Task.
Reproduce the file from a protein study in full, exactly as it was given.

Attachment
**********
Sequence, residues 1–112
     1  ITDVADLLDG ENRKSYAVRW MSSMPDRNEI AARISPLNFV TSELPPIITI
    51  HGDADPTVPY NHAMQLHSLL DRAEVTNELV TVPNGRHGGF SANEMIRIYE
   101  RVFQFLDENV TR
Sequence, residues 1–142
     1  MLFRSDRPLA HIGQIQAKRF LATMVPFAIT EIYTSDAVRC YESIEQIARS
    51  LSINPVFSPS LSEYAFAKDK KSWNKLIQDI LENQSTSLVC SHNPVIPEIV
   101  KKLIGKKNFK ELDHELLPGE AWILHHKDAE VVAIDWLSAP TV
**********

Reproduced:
Sequence, residues 1–112
     1  ITDVADLLDG ENRKSYAVRW MSSMPDRNEI AARISPLNFV TSELPPIITI
    51  HGDADPTVPY NHAMQLHSLL DRAEVTNELV TVPNGRHGGF SANEMIRIYE
   101  RVFQFLDENV TR
Sequence, residues 1–142
     1  MLFRSDRPLA HIGQIQAKRF LATMVPFAIT EIYTSDAVRC YESIEQIARS
    51  LSINPVFSPS LSEYAFAKDK KSWNKLIQDI LENQSTSLVC SHNPVIPEIV
   101  KKLIGKKNFK ELDHELLPGE AWILHHKDAE VVAIDWLSAP TV